Things get real talky in “Savage Wolverine” #4, thanks to Frank Cho dropping Amadeus Cho (no relation) into the story to bring the readers and Shanna up to speed on where everyone is and what exactly Wolverine needs to do. Unfortunately, “talky” is not why I buy Frank Cho comic books. I’m mostly in it for the artwork that word balloons tends to cover up. No, not the cheesecake artwork of Shanna (although this issue does supply that in plenty) but the dinosaurs and other critters.
William Stout’s visual interpretations of prehistoric beasts made a distinct impression on me at a very young age. Frank Cho’s dinosaur work has always reminded me of Stout. When I saw the preview art depicting Wolverine fighting giant gorillas, and remembering this was in the Savage Land, I knew I would find some great artwork in this issue. Throw in an appearance by Man-Thing (sort of) and a surprise guest appearance on the final page and this issue delivers plenty of Cho’s art, depicting things Cho loves to draw, including Shanna. Jason Keith provides solid color work all the way throughout, making the jungles lush and green adding sharp contrast for the boldly colored Wolverine.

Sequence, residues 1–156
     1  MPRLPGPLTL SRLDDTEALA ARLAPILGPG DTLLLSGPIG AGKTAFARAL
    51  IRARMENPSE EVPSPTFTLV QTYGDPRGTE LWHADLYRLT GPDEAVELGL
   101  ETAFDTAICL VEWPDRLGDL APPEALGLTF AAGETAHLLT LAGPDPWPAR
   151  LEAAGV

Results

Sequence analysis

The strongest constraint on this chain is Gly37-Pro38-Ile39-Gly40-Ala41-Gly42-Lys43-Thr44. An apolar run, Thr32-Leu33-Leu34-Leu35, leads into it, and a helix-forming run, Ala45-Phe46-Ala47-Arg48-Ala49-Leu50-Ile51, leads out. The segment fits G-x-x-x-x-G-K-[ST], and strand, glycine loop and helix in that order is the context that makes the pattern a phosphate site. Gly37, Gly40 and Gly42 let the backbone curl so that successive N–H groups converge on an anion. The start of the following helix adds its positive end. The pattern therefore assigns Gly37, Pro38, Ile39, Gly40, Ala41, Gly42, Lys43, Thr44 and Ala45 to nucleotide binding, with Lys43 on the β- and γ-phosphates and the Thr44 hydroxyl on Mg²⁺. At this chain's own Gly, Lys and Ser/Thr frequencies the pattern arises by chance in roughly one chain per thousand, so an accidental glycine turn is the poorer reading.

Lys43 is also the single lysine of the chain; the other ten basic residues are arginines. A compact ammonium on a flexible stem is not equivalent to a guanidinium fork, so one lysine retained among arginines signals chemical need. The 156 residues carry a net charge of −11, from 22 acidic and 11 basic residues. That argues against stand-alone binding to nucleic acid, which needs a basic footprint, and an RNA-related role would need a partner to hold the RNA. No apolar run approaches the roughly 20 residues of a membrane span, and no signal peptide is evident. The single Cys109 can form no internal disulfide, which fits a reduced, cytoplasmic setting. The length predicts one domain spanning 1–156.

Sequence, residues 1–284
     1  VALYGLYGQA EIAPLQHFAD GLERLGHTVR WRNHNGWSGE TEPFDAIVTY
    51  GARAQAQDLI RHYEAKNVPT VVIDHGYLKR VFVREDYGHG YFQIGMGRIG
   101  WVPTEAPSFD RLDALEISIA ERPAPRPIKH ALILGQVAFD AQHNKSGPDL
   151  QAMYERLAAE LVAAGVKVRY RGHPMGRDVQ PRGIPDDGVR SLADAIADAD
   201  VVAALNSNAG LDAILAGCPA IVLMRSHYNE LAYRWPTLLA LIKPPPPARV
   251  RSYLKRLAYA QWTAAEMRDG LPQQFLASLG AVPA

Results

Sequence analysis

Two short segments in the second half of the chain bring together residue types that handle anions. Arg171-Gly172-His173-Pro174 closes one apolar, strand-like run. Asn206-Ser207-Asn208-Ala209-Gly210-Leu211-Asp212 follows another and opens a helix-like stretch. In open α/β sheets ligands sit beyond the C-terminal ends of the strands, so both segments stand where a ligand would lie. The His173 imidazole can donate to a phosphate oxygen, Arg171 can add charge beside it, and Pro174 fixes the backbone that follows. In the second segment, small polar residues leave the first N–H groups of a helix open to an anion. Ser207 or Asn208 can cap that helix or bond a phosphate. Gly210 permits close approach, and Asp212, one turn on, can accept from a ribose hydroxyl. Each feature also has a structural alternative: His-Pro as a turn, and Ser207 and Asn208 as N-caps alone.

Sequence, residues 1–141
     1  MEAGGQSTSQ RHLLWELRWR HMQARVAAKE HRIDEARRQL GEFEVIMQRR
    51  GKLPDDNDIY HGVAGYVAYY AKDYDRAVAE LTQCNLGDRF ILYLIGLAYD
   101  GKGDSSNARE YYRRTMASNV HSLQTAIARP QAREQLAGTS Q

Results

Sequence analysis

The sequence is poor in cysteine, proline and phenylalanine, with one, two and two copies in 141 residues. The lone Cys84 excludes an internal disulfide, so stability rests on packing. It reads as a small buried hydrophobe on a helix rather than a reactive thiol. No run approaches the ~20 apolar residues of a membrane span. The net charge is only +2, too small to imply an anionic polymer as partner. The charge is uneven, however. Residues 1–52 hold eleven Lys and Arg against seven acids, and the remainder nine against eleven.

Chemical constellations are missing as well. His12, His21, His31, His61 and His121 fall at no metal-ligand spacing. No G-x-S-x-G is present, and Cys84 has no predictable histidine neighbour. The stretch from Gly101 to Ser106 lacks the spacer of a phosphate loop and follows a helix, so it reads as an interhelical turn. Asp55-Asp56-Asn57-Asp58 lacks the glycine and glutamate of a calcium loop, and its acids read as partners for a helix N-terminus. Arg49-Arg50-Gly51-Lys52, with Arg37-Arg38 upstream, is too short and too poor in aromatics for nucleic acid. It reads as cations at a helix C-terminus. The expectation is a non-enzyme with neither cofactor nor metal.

The art is definitely the strong suit for this book. Cho has pretty well thrown everything he wanted to draw at Wolverine and Shanna over the course of the four issues of “Savage Wolverine,” but the writing stretches a bit to connect those highlights. Cho comes up with a convenient resurrection formula, but also seems to forget that Wolverine’s mutant power is his healing factor. That builds some suspense into the story, but it also becomes a distraction. That follows a double-page spread of Amadeus Cho, Shanna and the local tribal chief talking for seventeen panels, but luckily is padded with Wolverine cutting his way through a tribe and three giant gorillas. To Cho’s benefit, however, he does add a couple funny moments into a story that is otherwise best told through his art.
Two books this week come down to fatal decisions that Wolverine has to make and of the two, this one is less successful in the argument it makes and the execution on Wolverine’s behalf. Frank Cho’s art is nice to look at and his subject matter is the very stuff comics and pulp were built around, but the story itself is thicker than it needs to be. The pages where Cho tucks the narration off to the side and lets the panels tell the story really shine and carry this book. Much as I was enamored with Stout’s artwork, but cannot recall a line of text from any of the Stout books I owned, I can see Frank Cho making a similar impression on readers of “Savage Wolverine” #4.